Book reviews

Archive for the ‘Heller – Zoe’ Category

The Believers by Zoe Heller


After reading Notes on a Scandal by Zoe Heller a few years ago and loving the story and the writing, I was very excited to come across The Believers by the same author.

Zoe Heller does not create likeable characters. Everyone, excepting two minor characters in The Believers, are horrible. The characters in Notes on a Scandal were unpleasant too.

Joel is the character in The Believers who all of the other characters revolve around. He is a radical American lawyer, married with grown up children. Joel has a stroke in the early pages of the book and spends the rest of the book in a coma. Despite not being a part of the current action in the story, Joel is a large presence in the book.

In the introduction to the story, Joel visits London, where he meets and forms an instant connection with Audrey. Joel is personable and clever, and impresses Audrey with stories of his involvement in various causes. The first section ends with Joel asking Audrey to return to New York with him. She accepts, imagining a romantic and glamorous future together leading the fight against social injustice. The story then skips ahead forty years to the time of Joel’s stroke.

In the introduction, I believed Audrey was clever and likeable, but she turned out to be nasty. Audrey’s foul and abusive language and behaviour towards her children, Joel’s workmates, the staff in the hospital who are caring for Joel, and even her friends, is appalling, throughout the entire book. Her anger is overwhelming. I couldn’t understand why any of the other characters gave Audrey any of their time, attention or love. Audrey doesn’t believe in anyone or anything.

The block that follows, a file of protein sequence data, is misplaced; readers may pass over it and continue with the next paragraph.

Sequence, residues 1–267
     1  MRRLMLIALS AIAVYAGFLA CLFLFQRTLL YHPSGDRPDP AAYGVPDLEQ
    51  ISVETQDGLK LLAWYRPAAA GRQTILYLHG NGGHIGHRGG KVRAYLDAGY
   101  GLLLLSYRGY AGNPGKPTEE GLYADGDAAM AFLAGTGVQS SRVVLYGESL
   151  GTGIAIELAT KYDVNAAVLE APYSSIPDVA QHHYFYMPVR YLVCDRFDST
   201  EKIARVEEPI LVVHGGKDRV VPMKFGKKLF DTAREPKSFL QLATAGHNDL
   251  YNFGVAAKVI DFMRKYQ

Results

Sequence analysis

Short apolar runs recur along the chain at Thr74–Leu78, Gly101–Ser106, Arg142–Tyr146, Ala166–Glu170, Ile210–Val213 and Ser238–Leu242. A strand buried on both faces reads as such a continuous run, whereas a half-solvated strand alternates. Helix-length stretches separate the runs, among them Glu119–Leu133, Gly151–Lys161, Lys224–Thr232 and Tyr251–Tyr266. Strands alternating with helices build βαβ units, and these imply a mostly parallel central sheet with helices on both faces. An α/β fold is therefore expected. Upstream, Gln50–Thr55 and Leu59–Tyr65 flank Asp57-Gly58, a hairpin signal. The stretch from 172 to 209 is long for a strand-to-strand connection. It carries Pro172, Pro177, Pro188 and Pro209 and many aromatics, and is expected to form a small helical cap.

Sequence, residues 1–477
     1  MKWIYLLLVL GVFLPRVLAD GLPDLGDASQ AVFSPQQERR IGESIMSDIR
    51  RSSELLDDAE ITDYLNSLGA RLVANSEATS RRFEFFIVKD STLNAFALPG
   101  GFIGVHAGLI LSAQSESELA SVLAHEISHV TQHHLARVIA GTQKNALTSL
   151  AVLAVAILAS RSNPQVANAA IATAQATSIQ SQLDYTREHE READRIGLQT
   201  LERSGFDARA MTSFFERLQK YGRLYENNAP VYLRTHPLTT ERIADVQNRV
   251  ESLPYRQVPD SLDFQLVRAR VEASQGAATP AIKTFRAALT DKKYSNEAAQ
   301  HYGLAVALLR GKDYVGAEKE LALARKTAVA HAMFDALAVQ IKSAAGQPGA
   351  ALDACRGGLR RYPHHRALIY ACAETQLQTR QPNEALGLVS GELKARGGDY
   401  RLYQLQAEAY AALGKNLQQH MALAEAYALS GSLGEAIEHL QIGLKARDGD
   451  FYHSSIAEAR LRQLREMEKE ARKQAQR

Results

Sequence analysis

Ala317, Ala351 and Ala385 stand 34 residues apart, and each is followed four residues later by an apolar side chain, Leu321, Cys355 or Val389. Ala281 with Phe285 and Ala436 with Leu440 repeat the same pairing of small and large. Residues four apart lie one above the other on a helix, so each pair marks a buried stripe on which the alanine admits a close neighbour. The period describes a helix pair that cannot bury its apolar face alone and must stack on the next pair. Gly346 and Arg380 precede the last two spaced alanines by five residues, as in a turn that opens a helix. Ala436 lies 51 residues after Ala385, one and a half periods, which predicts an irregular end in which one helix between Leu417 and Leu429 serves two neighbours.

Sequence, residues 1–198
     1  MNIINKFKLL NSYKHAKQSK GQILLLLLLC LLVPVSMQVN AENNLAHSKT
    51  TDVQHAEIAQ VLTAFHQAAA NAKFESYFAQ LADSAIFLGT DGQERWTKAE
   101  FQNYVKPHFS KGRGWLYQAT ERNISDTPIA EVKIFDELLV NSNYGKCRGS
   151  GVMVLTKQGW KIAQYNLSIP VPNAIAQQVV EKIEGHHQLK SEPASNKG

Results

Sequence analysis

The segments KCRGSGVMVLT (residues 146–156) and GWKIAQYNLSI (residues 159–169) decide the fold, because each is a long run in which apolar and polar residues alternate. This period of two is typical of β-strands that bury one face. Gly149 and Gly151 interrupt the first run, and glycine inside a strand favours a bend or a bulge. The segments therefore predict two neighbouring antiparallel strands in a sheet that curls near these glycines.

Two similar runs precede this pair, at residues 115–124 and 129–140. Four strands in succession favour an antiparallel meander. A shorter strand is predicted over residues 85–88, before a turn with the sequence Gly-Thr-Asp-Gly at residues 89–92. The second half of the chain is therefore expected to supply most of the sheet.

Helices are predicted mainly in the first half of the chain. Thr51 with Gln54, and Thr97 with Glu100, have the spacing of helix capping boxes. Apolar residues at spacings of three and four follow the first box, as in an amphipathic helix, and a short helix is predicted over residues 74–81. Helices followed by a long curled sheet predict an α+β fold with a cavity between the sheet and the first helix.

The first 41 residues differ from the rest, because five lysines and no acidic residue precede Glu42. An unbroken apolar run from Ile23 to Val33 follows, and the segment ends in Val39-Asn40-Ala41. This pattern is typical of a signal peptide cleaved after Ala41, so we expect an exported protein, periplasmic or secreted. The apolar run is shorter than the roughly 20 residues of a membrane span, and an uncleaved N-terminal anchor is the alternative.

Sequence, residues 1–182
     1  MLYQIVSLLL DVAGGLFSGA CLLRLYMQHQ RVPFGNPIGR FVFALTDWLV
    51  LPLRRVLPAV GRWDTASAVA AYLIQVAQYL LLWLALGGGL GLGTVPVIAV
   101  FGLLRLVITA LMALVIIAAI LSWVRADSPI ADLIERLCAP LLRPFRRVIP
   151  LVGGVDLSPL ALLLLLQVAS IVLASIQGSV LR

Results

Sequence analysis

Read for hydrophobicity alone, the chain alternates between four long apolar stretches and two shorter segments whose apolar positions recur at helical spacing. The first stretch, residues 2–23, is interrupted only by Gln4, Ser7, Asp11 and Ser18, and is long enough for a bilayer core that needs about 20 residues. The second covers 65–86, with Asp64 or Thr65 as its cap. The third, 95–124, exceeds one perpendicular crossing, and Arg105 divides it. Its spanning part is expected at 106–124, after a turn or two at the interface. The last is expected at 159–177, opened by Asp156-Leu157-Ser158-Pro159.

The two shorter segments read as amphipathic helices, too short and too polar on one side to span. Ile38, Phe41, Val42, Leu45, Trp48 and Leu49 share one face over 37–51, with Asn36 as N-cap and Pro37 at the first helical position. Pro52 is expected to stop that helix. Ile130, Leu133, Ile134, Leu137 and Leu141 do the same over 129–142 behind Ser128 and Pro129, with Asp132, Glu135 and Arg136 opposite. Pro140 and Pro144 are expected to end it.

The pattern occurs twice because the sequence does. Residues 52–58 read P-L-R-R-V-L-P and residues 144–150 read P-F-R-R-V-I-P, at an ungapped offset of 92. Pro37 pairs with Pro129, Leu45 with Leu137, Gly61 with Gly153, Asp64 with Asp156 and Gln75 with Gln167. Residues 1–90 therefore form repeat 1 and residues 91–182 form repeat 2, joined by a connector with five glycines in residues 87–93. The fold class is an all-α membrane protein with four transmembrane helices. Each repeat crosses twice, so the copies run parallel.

Rosa, Audrey and Joel’s eldest daughter, spent four years in Cuba as a revolutionary socialist, but returned to New York disillusioned with that particular cause. She recently started attending an Orthodox synagogue, much to the dismay of Audrey and Joel, who, along with their own parents, threw off their own Jewishness, calling themselves ‘anti-theists.’ Rosa seems to need something to believe in, and I wouldn’t be surprised if she joined some mad cult after she grows out of her current Jewish phase. (Please note, I’m not commenting on religion, Jewish or otherwise, I am commenting on Rosa’s need for a passion).

Karla is Audrey and Joel’s second daughter. She struggles with her self-esteem and overeats to feel better about herself. She feels trapped in her loveless marriage, but is being pushed by her husband to adopt a child with him. Karla is probably the most likeable of this family and I felt sorry for her. Karla needed to be able to believe in herself. By the end of the story, there was hope this would happen.

Lenny is Joel and Audrey’s adopted son. He is in his 30’s and is addicted to drugs. He sponges off Audrey, who enables his bad habits by supplying him with cash, a roof over his head, meals, even drugs… Lenny probably still believes in Santa Claus.

When Joel had the stroke, a secret relationship and another child were exposed, but somehow, by the end of the book, his family, friends, co-workers and everyone else he ever met still seem to believe he is ‘Saint’ Joel. I’m not sure how that worked.

The Believers is funny and clever, but all of the horrible characters in this story were a little depressing. I like Zoe Heller’s writing but would love to read something more inspirational and joyful from her. Not everyone wants to believe that everyone else is horrible.

Notes on a Scandal by Zoe Heller